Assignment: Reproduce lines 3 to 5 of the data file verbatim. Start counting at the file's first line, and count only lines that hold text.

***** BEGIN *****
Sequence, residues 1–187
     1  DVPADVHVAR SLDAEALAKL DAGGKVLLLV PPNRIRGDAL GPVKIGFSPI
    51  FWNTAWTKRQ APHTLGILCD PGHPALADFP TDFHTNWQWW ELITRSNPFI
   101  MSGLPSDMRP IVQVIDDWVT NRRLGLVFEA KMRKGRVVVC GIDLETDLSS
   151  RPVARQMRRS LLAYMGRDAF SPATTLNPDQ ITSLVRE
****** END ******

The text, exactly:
    51  FWNTAWTKRQ APHTLGILCD PGHPALADFP TDFHTNWQWW ELITRSNPFI
   101  MSGLPSDMRP IVQVIDDWVT NRRLGLVFEA KMRKGRVVVC GIDLETDLSS
   151  RPVARQMRRS LLAYMGRDAF SPATTLNPDQ ITSLVRE